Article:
The standard machine weights are 190 gsm (90 lb), 300 gsm (140 lb), 356 gsm (260 lb), and 638 gsm (300 lb). Paper less than 356 gsm (260 lb) should stretched before use, otherwise it8217;s likely to warp.
Watercolor paper is usually white, but it need not be. A variety of cool and warm tints is available.
Use acid-free paper will yellow less with age.
Cold-pressed watercolor paper is called NOT paper because it8217;s not hot-pressed.
John Purcell Paper: http://www.johnpurcell.net/
Falkiners Fine Art/Sheperds Book Binders: http://store.falkiners.com/store/
Got a broken TV to dispose of, or want to know how to recycle batteries, bulbs or an old laptop? Find out how to recycle an array of household products and electrical appliances here.
Select the product you8217;re interested in and we8217;ll let you know if and how you can recycle it, plus share insider tips from Which? experts on how to make money recycling certain products and the range of recycling services available to you.
15mm section of acrylic gesso surface. This surface shows three layers of acrylic gesso. Each layer is sanded to achieve a very smooth even ground for painting. The surprise with this image is the apparently rough appearance of the surface close up. perhaps it needs more sanding..
On a glass slab form a well in the centre of the whiting and add the glue size, gradually folding in the powder and work with a palette knife until a firm but glossy paste is formed. If the mixture is too dry it can be adjusted with a small addition of 1:15 glue size, if too wet a small quantity of whiting can be added.
The stiff paste can be stored in a jar and refrigerated. To apply the paste it needs to be diluted to a brushable thin cream consistency by transferring a quantity to a basin adding a 1:30 solution of warm glue size. 2-3 coats of this priming will usually suffice. The surface can be made smooth by wiping with a damp cotton handkerchief.
Half chalk ground for panels and canvas
1 part Titanium white pigment
3 parts whiting
3 parts glue size (1: 15 water)
1 part Stand linseed oil
Sized panel (1:15 solution) or sized linen (1:30 solution)
Mix the whiting with the Titanium white pigment on a glass slab. Form a well in the centre and add the glue size leaving room to float the stand oil on top. Gradually fold in the powders and work with a palette knife until a firm but glossy paste is formed. If the mixture is too dry it can be adjusted by adding more glue size, if too wet a small quantity of whiting can be added.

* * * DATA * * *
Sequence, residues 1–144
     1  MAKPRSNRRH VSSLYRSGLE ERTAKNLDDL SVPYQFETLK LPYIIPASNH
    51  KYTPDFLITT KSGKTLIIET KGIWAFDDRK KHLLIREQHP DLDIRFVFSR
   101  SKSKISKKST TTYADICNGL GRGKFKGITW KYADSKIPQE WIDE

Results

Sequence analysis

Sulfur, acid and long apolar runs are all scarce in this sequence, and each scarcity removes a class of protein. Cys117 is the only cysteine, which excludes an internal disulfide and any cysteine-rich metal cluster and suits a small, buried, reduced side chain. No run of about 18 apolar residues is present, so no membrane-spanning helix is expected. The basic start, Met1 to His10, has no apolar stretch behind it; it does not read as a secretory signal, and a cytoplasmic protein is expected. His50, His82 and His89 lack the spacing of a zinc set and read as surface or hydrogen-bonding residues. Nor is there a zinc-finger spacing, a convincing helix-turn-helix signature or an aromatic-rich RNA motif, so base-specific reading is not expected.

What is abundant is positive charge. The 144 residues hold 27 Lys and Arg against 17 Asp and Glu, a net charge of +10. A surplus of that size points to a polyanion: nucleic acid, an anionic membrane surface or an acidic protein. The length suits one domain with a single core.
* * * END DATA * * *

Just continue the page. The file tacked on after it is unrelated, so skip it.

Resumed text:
The stiff paste can be stored in a jar like the chalk ground. It also needs to be diluted to a brushable thin cream consistency by transferring a quantity to a basin and gently warming it through by standing it in hot water before adding a 1:30 solution of warm glue size.
A defining characteristic of Graduate Painting is the rich diversity of approaches to painting that includes paint on panels and stretched canvas, indoor and outdoor murals and installation-based painting in which objects, moving images, photography, printmaking and performative art can play a significant role.
This richness is shaped both by the culturally diverse international student cohort, and by the different practices of the four artists who teach on the programme. These artists share a deep fascination with material culture and its relation to artistic transformation 8211; this underlines the pedagogic thrust of the programme.
The Materials Research Project is supported by Onya McCausland, who works under the guidance of Gary Woodley and Jo Volley foregrounding the role of materials within the creative process, so the ‘what’ of a student work is always explored in relation to the ‘how’ of its making.
The Methods Room is a permanent site where students and staff experiment with materials extending their research by shared discovery, discussion and display. Although the Materials Research Project is based in Graduate Painting it is open to all Slade staff and students across the school.
The Material Research Project has three strands: